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Ausnit Fellow
"A History of Denial: The Romanian Orthodox Church and the Holocaust, 1938-Present"

Professional Background

Ion Popa is Ph.D. Candidate in Religions and Theology/Holocaust Studies, University of Manchester (United Kingdom). He received his M.A. in Religion and Political Life from the University of Manchester, Manchester, United Kingdom. In 2010, Mr. Popa was awarded the Saul Kagan Claims Conference Advanced Shoah Studies Fellowship. In 2012 he received the University of Manchester/School of Arts Languages and Cultures Award. While in residence at the Center, Mr. Popa conducted research on his project entitled, “A History of Denial: The Romanian Orthodox Church and the Holocaust, 1938-Present.” He is a native speaker of Romanian and has language skills in English and French.

Mr. Popa is the author of “Miron Cristea, The Patriarch of the Romanian Orthodox Church: His Political and Religious Influence in Deciding the Fate of Romanian Jews (February 1938-March 1939)” in Yad Vashem Studies (December 2012) and of “Visarion Puiu, the former Romanian Orthodox Metropolitan of Transnistria – A historical study on his life and activity before, during and after the Holocaust (1935-1964)” which will be published in the autumn of 2013 in the Holocaustul. Studii si Cercetari (the journal of the Elie Wiesel Institute for the Study of Holocaust in Romania). His review of the book The Night of Broken Glass: Eyewitness Accounts of Kristallnacht was published by the European Review of History (March 2013).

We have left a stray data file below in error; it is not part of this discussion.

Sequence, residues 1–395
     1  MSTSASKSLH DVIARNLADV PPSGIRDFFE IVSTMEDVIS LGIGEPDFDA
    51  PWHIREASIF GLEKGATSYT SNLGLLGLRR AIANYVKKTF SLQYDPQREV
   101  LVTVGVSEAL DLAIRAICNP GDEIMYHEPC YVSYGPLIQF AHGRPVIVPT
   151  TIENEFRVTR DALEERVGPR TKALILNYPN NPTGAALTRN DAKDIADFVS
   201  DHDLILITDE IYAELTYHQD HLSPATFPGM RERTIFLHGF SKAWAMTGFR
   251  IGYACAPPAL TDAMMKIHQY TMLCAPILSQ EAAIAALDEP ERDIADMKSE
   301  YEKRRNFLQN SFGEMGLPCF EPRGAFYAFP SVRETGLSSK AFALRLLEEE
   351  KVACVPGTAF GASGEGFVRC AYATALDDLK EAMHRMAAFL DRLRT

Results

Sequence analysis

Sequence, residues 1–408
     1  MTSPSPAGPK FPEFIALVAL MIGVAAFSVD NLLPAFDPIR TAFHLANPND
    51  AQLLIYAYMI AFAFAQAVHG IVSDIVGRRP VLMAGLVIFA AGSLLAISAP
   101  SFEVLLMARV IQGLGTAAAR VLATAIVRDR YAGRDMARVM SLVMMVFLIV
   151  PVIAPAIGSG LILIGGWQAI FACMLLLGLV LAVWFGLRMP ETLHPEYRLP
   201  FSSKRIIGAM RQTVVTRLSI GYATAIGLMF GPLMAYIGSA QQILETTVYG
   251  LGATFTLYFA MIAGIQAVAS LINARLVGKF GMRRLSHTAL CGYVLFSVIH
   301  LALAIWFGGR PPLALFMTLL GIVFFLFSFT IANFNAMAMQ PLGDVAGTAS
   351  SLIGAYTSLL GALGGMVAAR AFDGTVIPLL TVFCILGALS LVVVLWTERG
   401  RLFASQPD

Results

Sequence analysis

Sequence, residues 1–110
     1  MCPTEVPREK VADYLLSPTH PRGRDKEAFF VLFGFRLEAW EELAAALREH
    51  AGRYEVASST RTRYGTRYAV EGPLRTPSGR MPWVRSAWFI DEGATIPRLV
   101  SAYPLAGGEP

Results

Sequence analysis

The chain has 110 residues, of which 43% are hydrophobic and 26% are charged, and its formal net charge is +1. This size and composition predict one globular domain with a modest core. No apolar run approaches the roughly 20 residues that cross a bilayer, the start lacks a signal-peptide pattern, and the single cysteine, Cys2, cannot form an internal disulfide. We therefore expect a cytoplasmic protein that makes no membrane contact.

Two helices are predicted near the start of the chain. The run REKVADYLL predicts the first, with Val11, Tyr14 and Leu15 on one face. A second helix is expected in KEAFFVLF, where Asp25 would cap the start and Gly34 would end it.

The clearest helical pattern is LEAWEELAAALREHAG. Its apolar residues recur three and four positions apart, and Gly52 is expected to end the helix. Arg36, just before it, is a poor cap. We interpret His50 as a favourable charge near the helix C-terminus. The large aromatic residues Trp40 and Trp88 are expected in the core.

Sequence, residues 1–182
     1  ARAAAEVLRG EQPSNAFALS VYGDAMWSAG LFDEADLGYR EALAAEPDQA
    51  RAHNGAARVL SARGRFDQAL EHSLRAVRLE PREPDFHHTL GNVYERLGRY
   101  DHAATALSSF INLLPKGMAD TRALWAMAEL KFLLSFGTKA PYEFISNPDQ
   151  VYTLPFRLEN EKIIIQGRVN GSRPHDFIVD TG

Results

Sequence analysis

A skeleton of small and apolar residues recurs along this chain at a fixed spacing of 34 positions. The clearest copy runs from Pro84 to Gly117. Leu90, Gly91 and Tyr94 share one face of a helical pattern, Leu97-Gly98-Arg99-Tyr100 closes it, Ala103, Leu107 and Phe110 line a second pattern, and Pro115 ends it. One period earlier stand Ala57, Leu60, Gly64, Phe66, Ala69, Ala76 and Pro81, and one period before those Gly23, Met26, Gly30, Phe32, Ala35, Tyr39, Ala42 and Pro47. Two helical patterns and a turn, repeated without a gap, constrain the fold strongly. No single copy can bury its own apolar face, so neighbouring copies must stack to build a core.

He presented papers at several conferences at the USHMM, Yad Vashem and the University of Manchester and participated in training courses that include the “Lessons from Auschwitz” Project hosted by the Holocaust Education Trust in the United Kingdom (fall 2011), and the Sixteenth Institute on Holocaust and Jewish Civilization organized by the Holocaust Educational Foundation and the Northwestern University (2011).

Fellowship Research

For his Ausnit Fellowship, Mr. Popa researched the way in which the Romanian Orthodox Church responded to its own involvement in the Holocaust and its role in shaping the Holocaust memory in Romania. Mr. Popa analyzed the church-state relationship as a way of shaping nationalist ideology and national memory as well as the Orthodox Church’s dilemma in relation to the Holocaust during and after the Communist era. In addition to looking at church journals and documents in the Elie Wiesel Institute for the Study of the Holocaust in Romania and other important archives in Romania, he examined several archive collections at the Museum that include documents recording priests’ actions during the Holocaust, as well as the relationship between the Jewish community and the Romanian Orthodox Church during and after the Holocaust.

Mr. Ion Popa was in residence at the Center from June 1 to August 31, 2013.